“Learning How to Stay Put”
When I was younger, I moved so often a date asked if I was working for the CIA. Now, I’ve found a better balance between settling down and shifting around.
It has been too long since I took the time to sit down, reflect, and write. I moved to a new city and started a new job after my husband and I split up in February. But this transition is all too familiar. Moving is my norm. As my favorite aunt tells me, “This is you. Where is the longest you’ve been someplace and stayed?”
It takes a while to rack my brain. “Yes…when is the last time I’ve stayed for more than 2 years?” That seems to be my ADHD brain’s maximum threshold for one location. Settle, move and shift. Settle, move, and shift. I’m ok because I’m familiar with the patterns. In the last 20 years, I’ve probably changed addresses and cell phone numbers at least a dozen times — to the point where one date asked if I was working as a spy for the CIA.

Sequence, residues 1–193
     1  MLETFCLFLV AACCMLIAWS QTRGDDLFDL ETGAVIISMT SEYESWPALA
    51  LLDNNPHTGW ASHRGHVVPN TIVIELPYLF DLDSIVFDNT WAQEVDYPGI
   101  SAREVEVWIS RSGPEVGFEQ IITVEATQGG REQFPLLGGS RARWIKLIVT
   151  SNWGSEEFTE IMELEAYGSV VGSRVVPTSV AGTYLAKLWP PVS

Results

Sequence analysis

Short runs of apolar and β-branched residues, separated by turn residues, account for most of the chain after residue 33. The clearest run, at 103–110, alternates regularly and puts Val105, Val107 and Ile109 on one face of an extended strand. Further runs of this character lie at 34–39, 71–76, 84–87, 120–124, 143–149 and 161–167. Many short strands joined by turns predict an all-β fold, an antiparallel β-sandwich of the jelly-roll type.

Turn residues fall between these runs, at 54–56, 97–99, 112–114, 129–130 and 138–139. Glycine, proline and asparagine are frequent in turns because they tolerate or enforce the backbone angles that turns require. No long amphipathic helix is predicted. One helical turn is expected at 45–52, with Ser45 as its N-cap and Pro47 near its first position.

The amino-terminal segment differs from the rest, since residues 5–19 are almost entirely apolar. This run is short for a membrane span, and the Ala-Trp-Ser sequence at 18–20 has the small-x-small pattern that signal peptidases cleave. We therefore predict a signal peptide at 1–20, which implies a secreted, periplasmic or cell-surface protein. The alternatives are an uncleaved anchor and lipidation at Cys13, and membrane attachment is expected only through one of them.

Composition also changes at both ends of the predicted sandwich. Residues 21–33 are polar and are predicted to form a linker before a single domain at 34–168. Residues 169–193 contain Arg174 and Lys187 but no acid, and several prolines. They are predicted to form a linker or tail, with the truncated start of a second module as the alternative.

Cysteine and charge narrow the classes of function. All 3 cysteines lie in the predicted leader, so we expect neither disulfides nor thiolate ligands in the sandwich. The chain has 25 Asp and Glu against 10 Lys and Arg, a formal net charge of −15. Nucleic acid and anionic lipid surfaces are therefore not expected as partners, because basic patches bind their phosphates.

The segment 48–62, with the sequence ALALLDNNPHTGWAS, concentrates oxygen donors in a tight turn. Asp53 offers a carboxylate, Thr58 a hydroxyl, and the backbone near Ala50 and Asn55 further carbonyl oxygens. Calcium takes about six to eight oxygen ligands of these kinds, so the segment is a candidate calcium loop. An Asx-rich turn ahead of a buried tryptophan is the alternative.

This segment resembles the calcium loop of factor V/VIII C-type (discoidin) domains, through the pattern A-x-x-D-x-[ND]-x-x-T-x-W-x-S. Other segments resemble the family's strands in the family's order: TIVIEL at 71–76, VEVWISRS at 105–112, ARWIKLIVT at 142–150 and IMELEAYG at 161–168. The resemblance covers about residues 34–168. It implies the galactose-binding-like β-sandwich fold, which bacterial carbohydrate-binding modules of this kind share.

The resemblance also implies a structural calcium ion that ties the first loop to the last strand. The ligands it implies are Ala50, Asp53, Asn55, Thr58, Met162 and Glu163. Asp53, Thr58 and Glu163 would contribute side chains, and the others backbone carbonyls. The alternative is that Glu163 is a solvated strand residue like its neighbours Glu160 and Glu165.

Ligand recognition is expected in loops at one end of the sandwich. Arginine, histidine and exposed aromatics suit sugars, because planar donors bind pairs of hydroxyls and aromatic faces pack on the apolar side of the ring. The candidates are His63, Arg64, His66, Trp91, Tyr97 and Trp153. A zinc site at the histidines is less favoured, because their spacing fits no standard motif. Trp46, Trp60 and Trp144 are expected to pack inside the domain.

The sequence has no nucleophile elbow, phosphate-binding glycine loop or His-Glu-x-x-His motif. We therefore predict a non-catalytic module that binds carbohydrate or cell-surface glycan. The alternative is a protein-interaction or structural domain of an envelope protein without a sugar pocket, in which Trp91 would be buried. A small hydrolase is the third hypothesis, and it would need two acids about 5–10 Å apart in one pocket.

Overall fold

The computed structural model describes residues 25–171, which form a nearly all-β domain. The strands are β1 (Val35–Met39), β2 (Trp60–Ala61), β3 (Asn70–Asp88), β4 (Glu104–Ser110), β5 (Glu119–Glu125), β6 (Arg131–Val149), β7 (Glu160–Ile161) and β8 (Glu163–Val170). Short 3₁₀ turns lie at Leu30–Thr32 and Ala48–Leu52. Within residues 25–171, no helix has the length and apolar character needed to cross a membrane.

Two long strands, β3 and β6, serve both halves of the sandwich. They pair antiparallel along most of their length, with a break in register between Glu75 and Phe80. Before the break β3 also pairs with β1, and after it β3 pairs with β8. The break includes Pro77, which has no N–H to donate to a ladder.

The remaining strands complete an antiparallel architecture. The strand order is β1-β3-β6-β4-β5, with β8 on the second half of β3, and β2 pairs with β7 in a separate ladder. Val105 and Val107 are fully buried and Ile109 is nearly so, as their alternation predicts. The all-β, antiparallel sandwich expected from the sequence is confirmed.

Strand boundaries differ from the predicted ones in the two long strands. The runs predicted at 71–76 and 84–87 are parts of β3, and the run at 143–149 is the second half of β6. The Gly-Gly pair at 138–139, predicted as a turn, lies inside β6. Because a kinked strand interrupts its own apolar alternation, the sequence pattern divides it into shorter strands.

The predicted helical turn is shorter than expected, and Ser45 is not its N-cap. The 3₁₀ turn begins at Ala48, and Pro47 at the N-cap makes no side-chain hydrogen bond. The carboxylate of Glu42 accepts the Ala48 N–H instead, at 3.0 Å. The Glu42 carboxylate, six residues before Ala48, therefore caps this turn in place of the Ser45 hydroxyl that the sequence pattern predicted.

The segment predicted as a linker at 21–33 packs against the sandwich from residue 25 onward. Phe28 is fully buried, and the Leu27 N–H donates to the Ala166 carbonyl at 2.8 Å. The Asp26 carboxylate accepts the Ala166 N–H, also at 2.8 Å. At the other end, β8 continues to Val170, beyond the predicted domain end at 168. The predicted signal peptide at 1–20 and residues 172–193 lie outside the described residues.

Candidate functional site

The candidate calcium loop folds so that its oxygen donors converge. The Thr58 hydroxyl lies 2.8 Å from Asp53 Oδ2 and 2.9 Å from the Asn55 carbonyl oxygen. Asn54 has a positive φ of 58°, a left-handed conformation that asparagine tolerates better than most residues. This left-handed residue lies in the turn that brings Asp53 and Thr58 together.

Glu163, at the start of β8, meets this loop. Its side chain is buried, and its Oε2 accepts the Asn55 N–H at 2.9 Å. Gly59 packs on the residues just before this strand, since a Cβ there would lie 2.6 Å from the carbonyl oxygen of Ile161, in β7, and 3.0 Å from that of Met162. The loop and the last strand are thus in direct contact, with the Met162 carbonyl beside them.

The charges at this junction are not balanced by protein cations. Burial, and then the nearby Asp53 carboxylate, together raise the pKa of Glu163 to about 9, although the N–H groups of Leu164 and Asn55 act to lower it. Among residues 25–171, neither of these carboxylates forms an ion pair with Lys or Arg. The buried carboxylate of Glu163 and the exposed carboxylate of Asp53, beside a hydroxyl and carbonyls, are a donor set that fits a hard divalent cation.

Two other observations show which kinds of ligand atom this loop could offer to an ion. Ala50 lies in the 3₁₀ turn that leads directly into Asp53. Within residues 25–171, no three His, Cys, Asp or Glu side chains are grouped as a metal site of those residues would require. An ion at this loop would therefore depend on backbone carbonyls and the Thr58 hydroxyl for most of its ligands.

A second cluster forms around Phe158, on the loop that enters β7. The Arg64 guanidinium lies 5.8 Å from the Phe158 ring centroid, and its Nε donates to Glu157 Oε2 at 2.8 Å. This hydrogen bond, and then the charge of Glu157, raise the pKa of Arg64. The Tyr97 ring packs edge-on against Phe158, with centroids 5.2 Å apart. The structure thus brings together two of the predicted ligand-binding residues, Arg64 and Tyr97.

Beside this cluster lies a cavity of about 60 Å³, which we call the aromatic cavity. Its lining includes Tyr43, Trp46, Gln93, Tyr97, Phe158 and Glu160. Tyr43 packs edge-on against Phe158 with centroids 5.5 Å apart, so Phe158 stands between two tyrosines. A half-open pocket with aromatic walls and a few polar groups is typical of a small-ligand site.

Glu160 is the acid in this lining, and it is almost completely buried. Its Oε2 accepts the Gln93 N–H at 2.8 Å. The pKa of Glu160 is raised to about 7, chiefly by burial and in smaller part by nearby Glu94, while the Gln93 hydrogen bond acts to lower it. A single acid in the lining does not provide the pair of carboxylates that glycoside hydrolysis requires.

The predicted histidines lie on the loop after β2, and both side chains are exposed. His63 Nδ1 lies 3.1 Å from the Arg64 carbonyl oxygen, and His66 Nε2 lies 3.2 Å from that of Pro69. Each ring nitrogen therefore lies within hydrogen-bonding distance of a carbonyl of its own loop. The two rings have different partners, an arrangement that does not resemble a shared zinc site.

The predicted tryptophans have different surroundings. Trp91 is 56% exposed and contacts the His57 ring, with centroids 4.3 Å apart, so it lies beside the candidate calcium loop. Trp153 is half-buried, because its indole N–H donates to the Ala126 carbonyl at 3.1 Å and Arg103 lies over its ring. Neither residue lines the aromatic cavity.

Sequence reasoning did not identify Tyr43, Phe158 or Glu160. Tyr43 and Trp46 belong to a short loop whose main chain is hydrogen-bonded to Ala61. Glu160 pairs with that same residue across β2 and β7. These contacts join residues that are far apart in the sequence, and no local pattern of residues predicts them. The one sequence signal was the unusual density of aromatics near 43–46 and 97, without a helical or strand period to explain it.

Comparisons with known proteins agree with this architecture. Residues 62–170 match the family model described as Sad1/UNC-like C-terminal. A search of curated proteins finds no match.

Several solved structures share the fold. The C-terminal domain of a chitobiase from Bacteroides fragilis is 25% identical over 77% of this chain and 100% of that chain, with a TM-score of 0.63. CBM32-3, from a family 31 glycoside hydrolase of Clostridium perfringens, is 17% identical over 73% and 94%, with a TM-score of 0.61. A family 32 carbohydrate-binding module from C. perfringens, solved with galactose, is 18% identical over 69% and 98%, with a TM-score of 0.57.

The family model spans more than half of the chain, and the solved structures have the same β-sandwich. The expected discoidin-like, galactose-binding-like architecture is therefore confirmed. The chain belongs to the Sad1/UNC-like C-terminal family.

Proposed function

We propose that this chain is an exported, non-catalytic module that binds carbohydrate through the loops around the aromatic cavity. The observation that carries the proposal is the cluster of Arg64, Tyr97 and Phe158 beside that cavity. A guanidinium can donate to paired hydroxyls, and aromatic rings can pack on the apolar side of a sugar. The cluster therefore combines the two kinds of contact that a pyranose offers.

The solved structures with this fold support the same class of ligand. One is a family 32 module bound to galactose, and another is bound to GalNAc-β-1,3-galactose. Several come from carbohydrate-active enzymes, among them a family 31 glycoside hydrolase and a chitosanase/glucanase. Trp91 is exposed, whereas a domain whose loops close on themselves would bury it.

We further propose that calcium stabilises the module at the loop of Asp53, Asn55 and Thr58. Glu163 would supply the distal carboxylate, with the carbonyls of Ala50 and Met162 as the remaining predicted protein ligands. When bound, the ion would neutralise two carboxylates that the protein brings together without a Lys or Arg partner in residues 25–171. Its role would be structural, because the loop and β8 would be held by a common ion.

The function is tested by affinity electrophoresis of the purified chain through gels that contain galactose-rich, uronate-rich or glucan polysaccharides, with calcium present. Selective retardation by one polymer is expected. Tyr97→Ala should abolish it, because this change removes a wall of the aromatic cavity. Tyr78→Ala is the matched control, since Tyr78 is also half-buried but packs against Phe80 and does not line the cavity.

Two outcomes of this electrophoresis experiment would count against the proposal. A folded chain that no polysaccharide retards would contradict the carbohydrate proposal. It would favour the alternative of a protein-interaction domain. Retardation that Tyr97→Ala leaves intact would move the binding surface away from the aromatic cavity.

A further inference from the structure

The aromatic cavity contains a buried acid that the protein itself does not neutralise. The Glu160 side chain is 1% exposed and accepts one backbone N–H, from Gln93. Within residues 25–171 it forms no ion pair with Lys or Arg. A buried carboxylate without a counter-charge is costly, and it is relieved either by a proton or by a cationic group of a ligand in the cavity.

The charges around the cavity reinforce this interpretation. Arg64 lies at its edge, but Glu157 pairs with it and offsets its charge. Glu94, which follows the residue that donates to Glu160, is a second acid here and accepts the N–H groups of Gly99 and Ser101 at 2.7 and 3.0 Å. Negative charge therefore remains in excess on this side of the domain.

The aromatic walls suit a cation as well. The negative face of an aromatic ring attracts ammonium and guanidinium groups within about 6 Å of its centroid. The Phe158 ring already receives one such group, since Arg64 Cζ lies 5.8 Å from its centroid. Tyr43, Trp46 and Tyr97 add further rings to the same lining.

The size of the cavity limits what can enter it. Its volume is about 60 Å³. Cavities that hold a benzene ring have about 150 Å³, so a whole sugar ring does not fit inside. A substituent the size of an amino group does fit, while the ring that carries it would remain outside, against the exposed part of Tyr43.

The thing is, I don’t actually like the moving experience: packing, tracking things, losing friendships, and saying goodbye. Now that I’m entering middle age, each transition becomes a little harder, a little more exhausting. It’s always been my routine, but I’m finding a new way to satisfy the urge to get up and go.
Instead of picking up and embarking towards a new city, I plan a short trip – it could be a day at a nearby spa, or a long weekend someplace I’ve never been. I’m energized by the excitement of an upcoming trip. The airport or the bus depot is my oasis. Or, if I have a business trip, I’ll add on an extra day or two, go on a local tour, and see the sights before heading back to home base.
These getaways don’t come free, but they’re much more affordable with discount airlines like Expedia and Kayak, and they reenergize me. They’re – perhaps – a solution to the even-more-costly and exhausting itch to change jobs and addresses.
I’ve recommended this strategy to other adults with ADHD who have wandering hearts. And, I’ve stopped being apologetic for who I am, and my tendency to try new things, open new doors and yes, move when boredom takes over. “You can’t fit a square peg into a round hole,” my father says. I’ve stopped trying and it feels liberating.